Sebelius: Tax hike may be needed
Chris Grenz Capital-Journal
By Chris Grenz
Gov. Kathleen Sebelius, who throughout her gubernatorial campaign and the legislative session said a tax increase wasn’t on the table, said Thursday a tax increase might be necessary next session.
The governor still hopes to find ways to make government more efficient as a first line of defense. But to keep pace with funding already authorized by the Legislature, Kansans may need to pay more in taxes, she said.
“I am determined to find every possible savings and efficiency we can throughout state government before we look at imposing any new taxes on Kansans,” she said. “At this point, no decisions have been made about any new package of revenues and any new package of funding. But I’d just say everything is on the table as we move toward the ’05 budget year.”
The comments marked a sharp digression from her position for more than a year.
Senate President Dave Kerr, R-Hutchinson, lost his gubernatorial bid in the primary after suggesting a tax increase might be necessary. On Thursday, he said there was “skepticism” about whether Sebelius could keep her campaign promises to hold public education and higher education harmless and build all the roads promised under the transportation program without a tax increase.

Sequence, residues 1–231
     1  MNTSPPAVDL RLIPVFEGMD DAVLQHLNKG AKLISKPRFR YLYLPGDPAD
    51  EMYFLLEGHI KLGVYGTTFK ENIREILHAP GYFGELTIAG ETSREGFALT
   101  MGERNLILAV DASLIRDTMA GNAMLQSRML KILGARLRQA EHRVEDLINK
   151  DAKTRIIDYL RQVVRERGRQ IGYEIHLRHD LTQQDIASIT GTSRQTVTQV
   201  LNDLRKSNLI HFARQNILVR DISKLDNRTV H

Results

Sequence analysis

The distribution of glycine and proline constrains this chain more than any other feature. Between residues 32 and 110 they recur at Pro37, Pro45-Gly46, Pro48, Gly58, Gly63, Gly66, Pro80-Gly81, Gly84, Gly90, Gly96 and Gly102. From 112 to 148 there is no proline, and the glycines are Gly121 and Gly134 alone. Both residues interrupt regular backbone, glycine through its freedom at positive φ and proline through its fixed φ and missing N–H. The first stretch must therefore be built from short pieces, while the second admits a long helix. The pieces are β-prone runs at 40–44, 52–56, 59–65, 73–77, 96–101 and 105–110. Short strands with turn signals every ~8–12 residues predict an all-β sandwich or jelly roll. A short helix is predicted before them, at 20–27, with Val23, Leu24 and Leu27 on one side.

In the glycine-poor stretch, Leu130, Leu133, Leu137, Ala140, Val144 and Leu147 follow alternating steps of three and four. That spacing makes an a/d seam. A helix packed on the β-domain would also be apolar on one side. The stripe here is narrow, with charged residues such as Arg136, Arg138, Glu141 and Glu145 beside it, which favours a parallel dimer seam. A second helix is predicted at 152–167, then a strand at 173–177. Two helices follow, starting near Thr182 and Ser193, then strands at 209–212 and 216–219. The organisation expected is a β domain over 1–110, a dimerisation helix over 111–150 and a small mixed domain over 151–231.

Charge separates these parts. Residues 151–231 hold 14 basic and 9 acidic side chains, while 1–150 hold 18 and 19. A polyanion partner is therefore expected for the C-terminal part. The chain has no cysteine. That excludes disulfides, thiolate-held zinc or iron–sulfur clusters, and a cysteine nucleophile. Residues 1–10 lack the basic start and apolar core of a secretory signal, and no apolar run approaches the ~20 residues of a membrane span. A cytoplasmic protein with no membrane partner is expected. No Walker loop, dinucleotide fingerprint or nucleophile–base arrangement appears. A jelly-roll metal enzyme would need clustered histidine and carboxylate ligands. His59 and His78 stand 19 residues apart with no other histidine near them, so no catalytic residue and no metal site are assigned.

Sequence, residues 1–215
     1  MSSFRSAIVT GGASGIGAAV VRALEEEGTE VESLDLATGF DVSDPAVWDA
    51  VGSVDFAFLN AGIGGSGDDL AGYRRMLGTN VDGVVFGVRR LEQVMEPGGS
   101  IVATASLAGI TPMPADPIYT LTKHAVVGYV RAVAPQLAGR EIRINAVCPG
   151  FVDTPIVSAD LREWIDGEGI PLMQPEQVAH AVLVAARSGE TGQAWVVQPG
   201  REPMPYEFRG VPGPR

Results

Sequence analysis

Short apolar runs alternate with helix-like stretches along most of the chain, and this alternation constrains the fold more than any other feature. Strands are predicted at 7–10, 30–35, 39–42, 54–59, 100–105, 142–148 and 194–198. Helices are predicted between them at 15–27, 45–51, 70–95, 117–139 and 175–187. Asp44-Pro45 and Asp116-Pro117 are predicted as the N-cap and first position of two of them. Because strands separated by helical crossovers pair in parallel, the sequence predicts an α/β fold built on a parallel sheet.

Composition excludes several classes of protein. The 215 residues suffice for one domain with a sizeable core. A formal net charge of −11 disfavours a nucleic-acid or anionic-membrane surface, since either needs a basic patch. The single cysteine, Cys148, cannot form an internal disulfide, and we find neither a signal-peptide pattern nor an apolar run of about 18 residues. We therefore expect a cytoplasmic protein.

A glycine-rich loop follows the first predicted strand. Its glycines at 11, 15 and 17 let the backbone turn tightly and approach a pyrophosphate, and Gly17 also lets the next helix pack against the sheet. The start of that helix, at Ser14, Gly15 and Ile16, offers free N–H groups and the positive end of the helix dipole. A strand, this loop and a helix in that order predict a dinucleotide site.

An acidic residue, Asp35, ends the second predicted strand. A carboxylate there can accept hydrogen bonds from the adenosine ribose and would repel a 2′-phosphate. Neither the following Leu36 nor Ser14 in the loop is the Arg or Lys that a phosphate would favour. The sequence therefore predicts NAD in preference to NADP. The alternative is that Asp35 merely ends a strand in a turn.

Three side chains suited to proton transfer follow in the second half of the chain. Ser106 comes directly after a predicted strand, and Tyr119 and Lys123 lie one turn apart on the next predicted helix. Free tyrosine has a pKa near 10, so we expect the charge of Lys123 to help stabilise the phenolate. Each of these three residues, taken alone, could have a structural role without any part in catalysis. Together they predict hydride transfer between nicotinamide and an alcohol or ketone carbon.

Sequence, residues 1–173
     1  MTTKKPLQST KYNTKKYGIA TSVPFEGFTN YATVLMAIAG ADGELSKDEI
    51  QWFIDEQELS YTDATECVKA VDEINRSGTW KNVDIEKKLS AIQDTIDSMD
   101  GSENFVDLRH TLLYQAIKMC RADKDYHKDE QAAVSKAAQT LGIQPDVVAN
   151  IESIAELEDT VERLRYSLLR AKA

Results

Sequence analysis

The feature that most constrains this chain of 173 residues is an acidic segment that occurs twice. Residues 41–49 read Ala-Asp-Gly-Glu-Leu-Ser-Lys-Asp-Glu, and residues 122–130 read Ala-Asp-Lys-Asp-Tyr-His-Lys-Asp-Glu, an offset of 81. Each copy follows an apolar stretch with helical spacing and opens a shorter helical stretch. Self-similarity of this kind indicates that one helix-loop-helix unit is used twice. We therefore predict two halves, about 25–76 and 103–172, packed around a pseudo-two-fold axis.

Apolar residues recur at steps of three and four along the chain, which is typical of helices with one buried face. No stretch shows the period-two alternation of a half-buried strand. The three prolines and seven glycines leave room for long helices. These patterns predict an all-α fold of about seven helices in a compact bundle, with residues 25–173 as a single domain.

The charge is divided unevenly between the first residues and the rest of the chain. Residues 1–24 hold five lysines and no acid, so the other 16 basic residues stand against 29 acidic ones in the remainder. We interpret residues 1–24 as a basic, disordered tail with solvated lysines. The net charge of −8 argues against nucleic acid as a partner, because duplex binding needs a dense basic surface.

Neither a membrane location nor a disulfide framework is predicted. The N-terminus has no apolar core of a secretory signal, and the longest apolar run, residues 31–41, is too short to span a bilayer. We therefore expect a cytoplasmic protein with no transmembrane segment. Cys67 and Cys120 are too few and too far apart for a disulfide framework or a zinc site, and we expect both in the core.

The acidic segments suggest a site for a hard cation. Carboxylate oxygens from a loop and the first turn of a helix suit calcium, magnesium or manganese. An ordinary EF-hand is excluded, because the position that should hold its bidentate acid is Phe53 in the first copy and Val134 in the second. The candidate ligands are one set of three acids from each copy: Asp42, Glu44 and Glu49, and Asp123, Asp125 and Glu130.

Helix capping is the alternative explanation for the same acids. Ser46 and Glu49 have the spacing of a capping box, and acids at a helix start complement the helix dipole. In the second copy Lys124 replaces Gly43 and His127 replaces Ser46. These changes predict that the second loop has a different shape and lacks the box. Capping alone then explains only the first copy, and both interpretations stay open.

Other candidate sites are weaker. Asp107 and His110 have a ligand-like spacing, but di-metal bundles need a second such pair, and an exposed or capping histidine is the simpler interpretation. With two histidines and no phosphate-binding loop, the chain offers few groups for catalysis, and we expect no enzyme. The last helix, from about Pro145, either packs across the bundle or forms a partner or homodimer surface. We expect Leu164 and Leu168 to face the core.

“I guess I’m surprised that she would make this dramatic a shift so soon after she was elected, Kerr said. I mean, we aren’t even a year into this administration. These were very firm promises,” Kerr said.
“I have to be honest and say that I think she is just reversing positions in one of the worst cases of neglecting campaign promises that we’ve seen in Kansas,” he said.
The Kansas Department of Transportation is projected to be about $350 million in the hole by fiscal 2009. However, the agency can manage through the deficit while building all the roads promised, said Jim McLean, director of public affairs and special assistant to KDOT Secretary Deb Miller. But the Legislature is scheduled to authorize another sales tax transfer of $179 million next session.
“If we lose any more money, projects will be in jeopardy,” McLean said. “I think that you have to at least discuss a motor fuels tax increase, but I wouldn’t say that’s the first option.”
Additionally, schools are being funded at the per-pupil rate approved in 2001, an act that reorganized higher education is underfunded by more than $100 million, and cities and counties have lost more than $100 million in promised revenue sharing.
“I think that there is every belief that we need some additional revenue in Kansas for some of the promises that the Legislature has made over the years that aren’t being kept,” Sebelius said.
Chris Grenz can be reached
at (785) 296-3005
Please see TAX, Page 3C
Continued from Page 1C
Tax: KDOT, education areas of fiscal concern
Hear Gov. Kathleen Sebelius and Sen. Dave Kerr discuss their appetite for a tax increase.
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